MELBOURNE defender Harriet Cordner gets to complete another chapter of her family's rich football history on Saturday afternoon in the second round of the NAB AFL Women’s competition.
She will become the third generation of Cordners to play for the Demons at Victoria Park, the spiritual home of bitter rival Collingwood.
"That's the rivalry I've heard the most about growing up," the third-season key back said.
"So, it's exciting that we get the chance to play at Victoria Park. It's great for the two clubs to meet on that ground."
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While Cordner's grandfather, uncles and cousins endured the hostile environment created by their Magpies opponents and home team fans, she can't expect a warm reception either, despite the transformation of the venue in Melbourne’s inner-north-east into a more community-based facility since Collingwood's last game there at the end of the 1999 AFL season.
Her grandfather, Dr Don Cordner, the 1946 Brownlow medallist, played 166 games from 1941-50 and his brothers, Denis, Ted and John, also played with the Demons. Don and Denis were named in Melbourne's team of the century in 2000 and both played in premiership teams.
Harriet's father Chris played for Victorian Amateur Football Association club University Blacks and his cousin David Cordner was a high-leaping key forward who played 53 games for the Demons from 1982-87 in a career curtailed by injuries.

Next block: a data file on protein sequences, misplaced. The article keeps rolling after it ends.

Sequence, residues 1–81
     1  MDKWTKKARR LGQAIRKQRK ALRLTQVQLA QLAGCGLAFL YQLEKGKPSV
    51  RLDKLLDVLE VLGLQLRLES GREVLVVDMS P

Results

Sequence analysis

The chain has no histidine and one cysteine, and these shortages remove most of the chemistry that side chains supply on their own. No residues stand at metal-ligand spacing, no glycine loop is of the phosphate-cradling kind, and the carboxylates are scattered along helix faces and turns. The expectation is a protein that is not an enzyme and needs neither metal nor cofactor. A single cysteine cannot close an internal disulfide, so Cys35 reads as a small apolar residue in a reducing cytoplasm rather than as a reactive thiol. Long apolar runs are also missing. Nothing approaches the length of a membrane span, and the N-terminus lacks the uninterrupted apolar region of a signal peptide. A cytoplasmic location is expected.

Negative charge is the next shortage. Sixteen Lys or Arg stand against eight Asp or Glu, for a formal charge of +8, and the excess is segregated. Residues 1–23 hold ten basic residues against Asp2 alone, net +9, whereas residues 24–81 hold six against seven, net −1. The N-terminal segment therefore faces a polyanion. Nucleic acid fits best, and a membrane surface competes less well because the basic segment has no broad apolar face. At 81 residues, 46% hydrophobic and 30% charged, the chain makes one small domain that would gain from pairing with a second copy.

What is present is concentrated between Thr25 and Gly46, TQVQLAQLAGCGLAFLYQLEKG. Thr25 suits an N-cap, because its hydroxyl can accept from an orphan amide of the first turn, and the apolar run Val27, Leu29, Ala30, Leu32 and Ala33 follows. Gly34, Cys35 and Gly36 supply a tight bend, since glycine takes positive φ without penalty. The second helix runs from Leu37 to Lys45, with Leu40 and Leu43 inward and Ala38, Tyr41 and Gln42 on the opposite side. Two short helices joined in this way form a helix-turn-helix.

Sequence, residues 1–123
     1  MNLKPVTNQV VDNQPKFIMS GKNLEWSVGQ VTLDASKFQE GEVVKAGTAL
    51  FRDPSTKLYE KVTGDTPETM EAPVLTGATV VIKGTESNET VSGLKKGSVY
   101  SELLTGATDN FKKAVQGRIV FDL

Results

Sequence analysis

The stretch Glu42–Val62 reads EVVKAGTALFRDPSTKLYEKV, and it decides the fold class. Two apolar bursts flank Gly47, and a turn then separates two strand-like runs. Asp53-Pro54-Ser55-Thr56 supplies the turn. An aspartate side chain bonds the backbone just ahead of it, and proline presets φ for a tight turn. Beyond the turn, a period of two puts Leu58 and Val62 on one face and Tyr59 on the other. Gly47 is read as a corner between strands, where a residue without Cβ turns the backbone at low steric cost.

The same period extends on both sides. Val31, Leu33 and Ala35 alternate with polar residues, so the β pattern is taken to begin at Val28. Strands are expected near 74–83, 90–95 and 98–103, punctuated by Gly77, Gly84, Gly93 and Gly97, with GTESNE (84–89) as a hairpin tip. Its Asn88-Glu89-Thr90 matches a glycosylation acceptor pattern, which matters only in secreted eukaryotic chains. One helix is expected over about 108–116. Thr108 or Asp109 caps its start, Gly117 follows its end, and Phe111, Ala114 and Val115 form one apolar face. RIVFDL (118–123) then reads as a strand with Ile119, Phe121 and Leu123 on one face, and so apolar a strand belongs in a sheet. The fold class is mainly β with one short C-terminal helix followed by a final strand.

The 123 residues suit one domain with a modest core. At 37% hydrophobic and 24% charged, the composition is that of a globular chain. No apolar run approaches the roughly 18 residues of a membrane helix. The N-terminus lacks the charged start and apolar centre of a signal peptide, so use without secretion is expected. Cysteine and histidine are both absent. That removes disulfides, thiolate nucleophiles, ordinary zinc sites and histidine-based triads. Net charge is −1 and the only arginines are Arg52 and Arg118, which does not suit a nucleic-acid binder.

Like most players lining up in what was generally a hostile environment for visitors, they could relate tales of the daunting task when facing the black-and-white army, the intimidation of running down the visitors' race and, more so, leaving the oval under a hail of verbal abuse and occasionally physical threats after the final siren with a victory against the Pies.
"Having conversations with my Grandma (Moyle, who died last year aged 95) about her going to watch him (Don) … that was always the team she had the most want to beat," Cordner said.
"She was still very passionate about (Melbourne) and, when the women's team came along, she was right behind it too.
"When I was talking to her about the possibility of getting drafted, she said ‘As long as you don't play for Collingwood'. I think that's a pretty common thought for a lot of Melbourne supporters," the 26-year-old former soccer player said.
Cordner will aim shut out any over-the-fence distractions on Saturday as the Demons regroup following a four-point home loss to Fremantle at Casey Fields last Sunday.
With the game played in sapping heat, players used ice baths in the facilities of VFLW affiliate Casey Demons to speed up their recovery and start preparations to play Collingwood.
"We have been training for eight weeks in the summer heat and we went into the game thinking it was just another element," Cordner said.
"It didn't cross my mind too much, it was just another aspect that was out of our control," she said.
"It was a pretty intense game, but we've had a really good preparation … our strength and conditioning has been awesome, so I pulled up all right."
Cordner was co-captain of Casey in the VFLW last winter, playing in the ruck and forward before returning to the backline for the AFLW season.
"It (playing in new positions for Casey) was a challenge, given I hadn't played a lot of footy before that," she said.
"It gave me something else to focus on, but I was mindful not to take that focus off my own development.
"It helped me coming back to Melbourne to be able to show a bit of leadership, especially in the backline, and it has given me a better understanding of the game."